1987 - Joseph Brodsky
    1991 - Nadine Gordimer World

    Peace:
    1911 - Alfred Fried
    1911 - Tobias Michael Carel Asser
    1968 - Rene Cassin
    1973 - Henry Kissinger
    1978 - Menachem Begin
    1986 - Elie Wiesel
    1994 - Shimon Peres
    1994 - Yitzhak Rabin

    Physics:
    1905 - Adolph Von Baeyer
    1906 - Henri Moissan
    1907 - Albert Abraham Michelson
    1908 - Gabriel Lippmann
    1910 - Otto Wallach
    1915 - Richard Willstaetter
    1918 - Fritz Haber
    1921 - Albert Einstein
    1922 - Niels Bohr
    1925 - James Franck
    1925 - Gustav Hertz
    1943 - Gustav Stern
    1943 - George Charles de Hevesy
    1944 - Isidor Issac Rabi
    1952 - Felix Bloc h
    1954 - Max Born
    1958 - Igor Tamm
    1959 - Emilio Segre
    1960 - Donald A. Glaser
    1961 - Robert Hofstadter
    1961 - Melvin Calvin
    1962 - Lev Davidovich Landau
    1962 - Max Ferdinand Perutz
    1965 - Richard Phillips Feynman
    1965 - Julian Schwinger
    1969 - Murray Gell-Mann
    1971 - Dennis Gabor
    1972 - William Howard Stein
    1973 - Brian David Josephson
    1975 - Benjamin Mottleson
    1976 - Burton Richter
    1977 - Ilya Prigogine
    1978 - Arno Allan Penzias
    1978 - Peter L Kapitza
    1979 - Stephen Weinberg
    1979 - Sheldon Glashow
    1979 - Herbert Charle s Brown
    1980 - Paul Berg
    1980 - Walter Gilbert
    1981 - Roald Hoffmann
    1982 - Aaron Klug
    1985 - Albert A. Hauptman
    1985 - Jerome Karle
    1986 - Dudley R. Herschbach
    1988 - Robert Huber
    1988 - Leon Lederman
    1988 - Melvin Schwartz
    1988 - Jack Steinberger
    1989 - Sidney Altman
    1990 - Jerome Friedman
    1992 - Rudolph Marcus
    1995 - Martin Perl
    2000 - Alan J. Heeger

    Economics:
    1970 - Paul Anthony Samuelson
    1971 - Simon Kuznets
    1972 - Kenneth Joseph Arrow
    1975 - Leonid Kantorovich
    1976 - Milton Friedman
    1978 - Herbert A. Simon
    1980 - Lawrence Robert Klein
    1985 - Franco Modigliani
    1987 - Robert M. Solow
    1990 - Harry Markowitz
    1990 - Merton Miller
    1992 - Gary Becker
    1993 - Robert Fogel

    Medicine:
    1908 - Elie Metchnikoff
    1908 - Paul Erlich
    1914 - Robert Barany
    1922 - Otto Meyerhof
    1930 - Karl Landsteiner
    1931 - Otto Warburg
    1936 - Otto Loewi
    1944 - Joseph Erlanger
    1944 - Herbert Spencer Gasser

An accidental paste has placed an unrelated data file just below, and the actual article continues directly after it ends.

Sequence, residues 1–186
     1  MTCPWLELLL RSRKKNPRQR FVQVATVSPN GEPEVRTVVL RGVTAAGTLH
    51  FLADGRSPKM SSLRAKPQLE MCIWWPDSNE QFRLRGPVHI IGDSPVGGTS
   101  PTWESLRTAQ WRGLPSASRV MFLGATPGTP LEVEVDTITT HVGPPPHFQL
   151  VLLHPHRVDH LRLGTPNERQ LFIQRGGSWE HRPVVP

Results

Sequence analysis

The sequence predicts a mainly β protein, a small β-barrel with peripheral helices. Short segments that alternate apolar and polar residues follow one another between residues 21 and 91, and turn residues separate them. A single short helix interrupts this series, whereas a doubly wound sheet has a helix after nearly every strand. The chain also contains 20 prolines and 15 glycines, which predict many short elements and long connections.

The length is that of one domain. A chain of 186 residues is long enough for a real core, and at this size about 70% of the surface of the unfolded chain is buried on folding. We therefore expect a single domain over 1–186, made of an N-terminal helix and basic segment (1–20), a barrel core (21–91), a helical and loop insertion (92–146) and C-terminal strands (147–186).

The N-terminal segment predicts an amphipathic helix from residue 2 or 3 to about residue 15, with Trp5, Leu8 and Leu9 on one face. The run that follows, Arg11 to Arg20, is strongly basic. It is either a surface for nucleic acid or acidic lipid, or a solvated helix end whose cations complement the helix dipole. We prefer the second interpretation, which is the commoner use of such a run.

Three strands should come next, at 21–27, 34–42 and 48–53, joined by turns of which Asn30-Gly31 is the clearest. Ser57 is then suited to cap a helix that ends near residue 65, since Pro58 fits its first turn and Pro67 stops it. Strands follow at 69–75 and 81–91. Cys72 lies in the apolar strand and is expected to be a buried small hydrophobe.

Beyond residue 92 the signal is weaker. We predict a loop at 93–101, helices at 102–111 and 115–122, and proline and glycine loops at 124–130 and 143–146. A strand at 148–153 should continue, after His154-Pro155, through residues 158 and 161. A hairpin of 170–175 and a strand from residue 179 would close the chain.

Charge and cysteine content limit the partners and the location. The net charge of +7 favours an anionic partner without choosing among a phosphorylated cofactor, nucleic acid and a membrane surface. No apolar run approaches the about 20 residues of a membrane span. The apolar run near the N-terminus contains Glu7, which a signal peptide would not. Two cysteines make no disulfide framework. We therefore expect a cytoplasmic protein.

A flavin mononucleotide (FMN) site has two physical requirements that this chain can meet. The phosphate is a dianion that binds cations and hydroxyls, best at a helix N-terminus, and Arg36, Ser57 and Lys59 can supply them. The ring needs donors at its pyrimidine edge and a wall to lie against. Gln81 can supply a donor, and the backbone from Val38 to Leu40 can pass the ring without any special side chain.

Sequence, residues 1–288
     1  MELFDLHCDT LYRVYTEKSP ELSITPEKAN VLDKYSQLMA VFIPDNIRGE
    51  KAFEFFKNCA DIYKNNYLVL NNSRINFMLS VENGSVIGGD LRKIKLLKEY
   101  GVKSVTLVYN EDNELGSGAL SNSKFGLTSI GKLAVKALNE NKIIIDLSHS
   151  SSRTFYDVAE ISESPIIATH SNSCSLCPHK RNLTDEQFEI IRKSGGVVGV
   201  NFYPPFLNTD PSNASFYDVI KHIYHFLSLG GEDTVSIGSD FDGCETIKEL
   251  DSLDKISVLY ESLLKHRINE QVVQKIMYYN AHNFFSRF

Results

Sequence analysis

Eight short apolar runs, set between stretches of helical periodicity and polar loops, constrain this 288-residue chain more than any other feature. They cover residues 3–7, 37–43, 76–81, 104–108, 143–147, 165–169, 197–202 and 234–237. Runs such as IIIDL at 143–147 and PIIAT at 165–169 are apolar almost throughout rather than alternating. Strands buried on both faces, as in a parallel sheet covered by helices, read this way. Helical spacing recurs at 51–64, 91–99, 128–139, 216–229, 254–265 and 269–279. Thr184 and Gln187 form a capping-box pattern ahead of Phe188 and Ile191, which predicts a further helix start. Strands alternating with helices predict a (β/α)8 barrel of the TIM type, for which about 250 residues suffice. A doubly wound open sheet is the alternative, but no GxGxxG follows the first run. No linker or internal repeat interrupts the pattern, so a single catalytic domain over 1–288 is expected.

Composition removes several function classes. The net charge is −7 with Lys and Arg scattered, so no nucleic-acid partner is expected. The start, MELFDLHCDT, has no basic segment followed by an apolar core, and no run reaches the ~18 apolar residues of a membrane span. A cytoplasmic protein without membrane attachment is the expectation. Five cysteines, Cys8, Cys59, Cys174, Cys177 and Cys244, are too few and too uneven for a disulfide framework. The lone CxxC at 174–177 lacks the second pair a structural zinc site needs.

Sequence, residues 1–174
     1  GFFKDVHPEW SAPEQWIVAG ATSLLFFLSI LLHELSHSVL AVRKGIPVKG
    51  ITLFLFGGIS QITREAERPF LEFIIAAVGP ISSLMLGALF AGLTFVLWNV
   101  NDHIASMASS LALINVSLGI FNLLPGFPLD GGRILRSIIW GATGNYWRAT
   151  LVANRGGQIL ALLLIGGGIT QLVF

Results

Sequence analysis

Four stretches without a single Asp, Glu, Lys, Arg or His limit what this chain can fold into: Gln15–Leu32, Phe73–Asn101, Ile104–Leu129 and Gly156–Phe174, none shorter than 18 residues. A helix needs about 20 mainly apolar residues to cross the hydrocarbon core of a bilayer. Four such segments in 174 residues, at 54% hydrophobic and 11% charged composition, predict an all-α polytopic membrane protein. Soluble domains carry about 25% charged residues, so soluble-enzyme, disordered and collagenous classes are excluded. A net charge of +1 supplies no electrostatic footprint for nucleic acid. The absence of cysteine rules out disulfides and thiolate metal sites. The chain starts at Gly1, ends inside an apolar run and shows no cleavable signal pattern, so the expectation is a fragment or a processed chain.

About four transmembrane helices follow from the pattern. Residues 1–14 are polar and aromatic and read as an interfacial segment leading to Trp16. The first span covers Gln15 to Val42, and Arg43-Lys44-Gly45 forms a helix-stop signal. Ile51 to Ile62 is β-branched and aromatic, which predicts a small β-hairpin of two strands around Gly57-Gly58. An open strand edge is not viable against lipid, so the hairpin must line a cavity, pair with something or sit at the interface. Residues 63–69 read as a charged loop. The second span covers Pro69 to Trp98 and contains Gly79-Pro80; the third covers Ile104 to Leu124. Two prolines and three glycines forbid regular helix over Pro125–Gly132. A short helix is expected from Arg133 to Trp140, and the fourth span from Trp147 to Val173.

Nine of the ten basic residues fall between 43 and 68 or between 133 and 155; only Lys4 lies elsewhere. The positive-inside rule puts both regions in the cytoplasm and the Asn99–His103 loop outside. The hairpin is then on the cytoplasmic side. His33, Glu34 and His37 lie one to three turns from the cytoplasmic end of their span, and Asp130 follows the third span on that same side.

1945 - Ernst Boris Chain
    1946 - Hermann Joseph Muller
    1950 - Tadeus Reichstein
    1952 - Selman Abra ham Waksman
    1953 - Hans Krebs
    1953 - Fritz Albert Lipmann
    1958 - Joshua Lederberg
    1959 - Arthur Kornberg
    1964 - Konrad Bloch
    1965 - Francois Jaco b
    1965 - Andre Lwoff
    1967 - George Wald
    1968 - Marshall W. Nirenberg
    1969 - Salvador Luria
    1970 - Julius Axelrod
    1970 - Sir Bernard Katz
    1972 - Gerald Maurice Edelman
    1975 - Howard Martin Temin
    1976 - Baruch S. Blumberg
    1977 - Roselyn Sussman Yalow
    1978 - Daniel Nathans
    1980 - Baruj Benacerraf
    1984 - Cesar Milstein
    1985 - Michael Stuart Brown
    1985 - Joseph L. Goldstein
    1986 - Stanley Cohen [& Rita Levi-Montalcini]
    1988 - Gertrude Elion
    1989 - Harold Varmus
    1991 - Erwin Neher
    1991 - Bert Sakmann
    1993 - Richard J. Roberts
    1993 - Phillip Sharp
    1994 - Alfred Gilman
    1995 - Edward B. Lewis

    TOTAL: 129 ONE HUNDRED TWENTY NINE
  10. asuragator
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    asuragator Well-Known Member

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    What's your point?
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  11. tim85
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    tim85 Well-Known Member

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    The majority of the world has essentially believed in some kind of spiritual God essentially since we've been recording history, debatably the majority of the world thought it was flat (was this really the majority of the world? I mean, come on - maybe the majority of the civilized European world at the time) for a couple hundred years, if that. I'm not saying we should use 'majoritarian' arguments, just saying that the comparison you're using I don't believe is applicable.